Where’s the Beef?! Is Your Low-Fee Smart Beta Product Ripping You Off?
Though many of us love having a hamburger out at a restaurant, we hate getting ripped off. But how do we assess whether we are getting our money’s worth?
Most people would focus on the menu prices and compare how much a hamburger costs across restaurants. The decision then becomes easy: Go to the restaurant with the lowest price. Unfortunately, price is an imperfect measure of value (or lack thereof).
Why? Though a hamburger is technically a combination of a beef patty and bun, the key value-add component is the beef patty. Yet, beef patty size can vary a lot from one restaurant to another. Some restaurants offer a lot of “bun,” but not a lot of “beef.”
Back in the 1980s, the Wendy’s fast food chain featured a television commercial in which a little old lady receives a tiny patty accompanied by a giant bun from a fictional competitor. “Where’s the beef?!” she angrily exclaims.
To properly address the fundamental question of overall hamburger value, we need to focus on the beef patty, determine its weight, and calculate a price per pound. Assuming buns cost very little, and assuming similar beef quality, the price per pound for beef is the key metric of value for a buyer to consider. Restaurants selling patties at a low price per pound are a good value irrespective of the headline menu price, while restaurants selling hamburgers at a high price per pound are expensive even if the headline menu price is low. For example, if Restaurant A offers a ½-pound beef patty for $10 (≈ $20 per pound) and Restaurant B offers a ¼-pound beef patty for $7.50 (≈ $30 per pound), Restaurant A is clearly the better value, even though it has the higher headline menu price.
Hamburger Implications for Smart Beta
So what do hamburgers and price per pound have to do with equity-oriented, long-only smart beta products? A lot more than you think.
Long-only strategies are a combination of two return sources: general passive market risk exposure and a “differentiated smart” risk exposure. The general market risk exposure is akin to the hamburger bun, while the differentiated smart risk exposure is the beef.
Differentiated smart risk exposure varies from one smart beta provider to another. The headline basis point (bps) fee charged by a smart beta product is an imperfect measure of value. Why? Because it doesn’t tell us anything about the beef! In order to properly evaluate this headline fee, we need to know the “size” of the smart beta patty. Some smart beta products deliver a lot of differentiated smart risk, while others deliver a lot of general market risk.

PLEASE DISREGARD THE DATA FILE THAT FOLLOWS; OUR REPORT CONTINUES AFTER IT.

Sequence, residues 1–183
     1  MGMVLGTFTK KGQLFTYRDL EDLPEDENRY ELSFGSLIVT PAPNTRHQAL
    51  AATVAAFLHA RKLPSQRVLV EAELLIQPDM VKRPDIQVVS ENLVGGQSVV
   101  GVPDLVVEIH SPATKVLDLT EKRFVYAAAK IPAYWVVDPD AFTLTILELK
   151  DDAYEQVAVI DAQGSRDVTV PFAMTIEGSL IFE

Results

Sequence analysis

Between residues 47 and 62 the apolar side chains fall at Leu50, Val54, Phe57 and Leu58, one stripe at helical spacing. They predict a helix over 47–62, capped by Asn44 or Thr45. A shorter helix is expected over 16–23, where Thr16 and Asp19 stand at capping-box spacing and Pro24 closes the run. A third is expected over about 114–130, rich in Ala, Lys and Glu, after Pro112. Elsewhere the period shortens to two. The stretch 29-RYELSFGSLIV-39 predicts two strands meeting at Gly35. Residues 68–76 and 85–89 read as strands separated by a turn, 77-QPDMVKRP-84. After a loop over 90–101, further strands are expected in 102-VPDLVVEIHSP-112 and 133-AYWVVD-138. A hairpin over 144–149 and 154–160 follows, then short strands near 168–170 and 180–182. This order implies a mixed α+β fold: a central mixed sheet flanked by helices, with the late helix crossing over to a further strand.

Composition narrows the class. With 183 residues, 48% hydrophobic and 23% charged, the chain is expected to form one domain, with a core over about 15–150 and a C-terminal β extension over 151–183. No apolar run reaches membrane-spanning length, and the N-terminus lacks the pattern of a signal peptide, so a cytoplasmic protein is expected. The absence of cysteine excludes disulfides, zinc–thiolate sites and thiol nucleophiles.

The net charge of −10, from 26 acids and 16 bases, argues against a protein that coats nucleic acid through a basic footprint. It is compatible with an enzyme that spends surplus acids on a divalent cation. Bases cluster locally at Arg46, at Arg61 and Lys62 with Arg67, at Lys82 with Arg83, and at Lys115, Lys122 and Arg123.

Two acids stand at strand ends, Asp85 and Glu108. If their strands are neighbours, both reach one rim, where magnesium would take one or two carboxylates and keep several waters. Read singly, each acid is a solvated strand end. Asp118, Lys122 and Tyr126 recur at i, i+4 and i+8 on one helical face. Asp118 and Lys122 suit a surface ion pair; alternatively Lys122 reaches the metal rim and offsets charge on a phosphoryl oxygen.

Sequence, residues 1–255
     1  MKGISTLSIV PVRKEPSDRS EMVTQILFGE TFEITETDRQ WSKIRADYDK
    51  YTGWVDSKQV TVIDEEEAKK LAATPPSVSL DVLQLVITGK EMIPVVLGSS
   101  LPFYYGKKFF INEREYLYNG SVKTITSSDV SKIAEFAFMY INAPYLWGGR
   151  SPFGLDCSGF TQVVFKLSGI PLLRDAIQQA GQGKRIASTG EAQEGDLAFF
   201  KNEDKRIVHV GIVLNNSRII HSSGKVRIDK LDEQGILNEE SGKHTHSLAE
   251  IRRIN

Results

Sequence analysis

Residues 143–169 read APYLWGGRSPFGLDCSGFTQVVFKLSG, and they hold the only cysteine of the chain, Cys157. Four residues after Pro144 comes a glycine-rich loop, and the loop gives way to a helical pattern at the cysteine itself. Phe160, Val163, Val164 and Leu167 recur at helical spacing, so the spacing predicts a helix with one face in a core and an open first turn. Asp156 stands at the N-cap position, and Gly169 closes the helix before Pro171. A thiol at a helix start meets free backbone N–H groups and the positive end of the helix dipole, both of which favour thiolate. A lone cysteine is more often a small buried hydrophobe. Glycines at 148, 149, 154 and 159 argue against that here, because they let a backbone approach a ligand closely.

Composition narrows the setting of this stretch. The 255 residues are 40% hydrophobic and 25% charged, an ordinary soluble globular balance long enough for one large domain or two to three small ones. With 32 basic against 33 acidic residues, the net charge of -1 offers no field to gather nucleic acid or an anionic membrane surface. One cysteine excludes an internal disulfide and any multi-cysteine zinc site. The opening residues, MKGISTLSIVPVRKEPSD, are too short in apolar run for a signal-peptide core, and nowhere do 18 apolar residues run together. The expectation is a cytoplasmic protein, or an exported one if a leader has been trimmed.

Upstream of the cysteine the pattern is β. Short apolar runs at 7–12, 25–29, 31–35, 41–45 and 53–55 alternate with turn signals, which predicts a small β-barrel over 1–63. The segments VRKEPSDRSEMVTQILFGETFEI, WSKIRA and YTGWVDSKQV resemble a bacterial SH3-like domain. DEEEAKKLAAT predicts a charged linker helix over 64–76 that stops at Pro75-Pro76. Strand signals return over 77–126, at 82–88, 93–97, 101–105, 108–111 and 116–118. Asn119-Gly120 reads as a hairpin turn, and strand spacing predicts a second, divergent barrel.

Is a smart beta product with a larger amount of differentiated smart risk exposure better than one with less? Not necessarily. We need more information to make a judgment. Though it’s critical to know the amount of differentiated smart risk exposure we’re getting, in order to assess value, we also need to know what we are paying for that exposure.
In order to properly address this fundamental question of value, we need to focus on the differentiated smart risk exposure, figure out the amount of that risk exposure, and calculate a fee per unit of differentiated smart risk exposure (i.e., fee per unit volatility). Assuming similar quality (i.e., similar return per unit of risk), the fee per unit of differentiated smart risk exposure is the key metric of value.
Asset managers selling smart beta products at a low fee per unit of differentiated smart risk exposure are a good value irrespective of the headline bps fee. Consider the following situation:
1. Asset Manager A offers a 15% volatility smart beta strategy for 50 bps. The volatility of only the smart differentiated component (i.e., risk exposure) is 5%.
2. Asset Manager B offers a 15% volatility smart beta strategy for 35 bps. The volatility of only the smart differentiated component is 2.5%, which is equivalent to 70 bps per 5% risk exposure (which is higher than the 50 bps per 5% risk exposure we get with A).
So if we want 5% smart differentiated risk exposure, we can either make an allocation to Asset Manager A or double the allocation and use Asset Manager B. Both options correspond to a total differentiated smart risk exposure of 5%, allowing for an apples-to-apples fee comparison.
Clearly, Asset Manager A is the better value despite the higher headline bps fee. This simple analysis implicitly assumes that generic market risk is essentially free.
Measuring the Smart Beta Hamburger: How Much Beef vs. Bun?
Sounds good in theory. But in practice, in order to make our key metric of value operational, we need to isolate the differentiated smart component of the asset manager’s return stream. Fortunately, this task is a simple application of standard linear regression techniques and is easy to do in Microsoft Excel.
Here’s the recipe:
1. Obtain the smart beta manager’s historical returns, the S&P 500’s (or another relevant market index’s) historical returns, and historical T-bill returns (risk-free rate proxy).
2. Calculate the manager’s historical returns in excess of T-bills by subtracting off the T-bill return. Do the same for the S&P 500.
3. Calculate the manager’s exposure to the S&P 500 by using Excel’s SLOPE function. In Excel, type “= SLOPE (Manager’s Excess Returns, S&P 500’s Excess Returns).” Let’s call this number “BETA.”
4. The manager’s historical differentiated smart return component is obtained by netting out — subtracting — the S&P 500 return component, which is BETA*S&P 500 Excess Return. In other words, DIFFERENTIATED SMART RETURN = MANAGER’S EXCESS RETURN – BETA*S&P 500 EXCESS RETURN. Do this calculation for each holding period.
5. With the manager’s historical differentiated smart return component in hand, it’s easy to calculate the average return and volatility using the Excel functions AVERAGE and STDEV, respectively.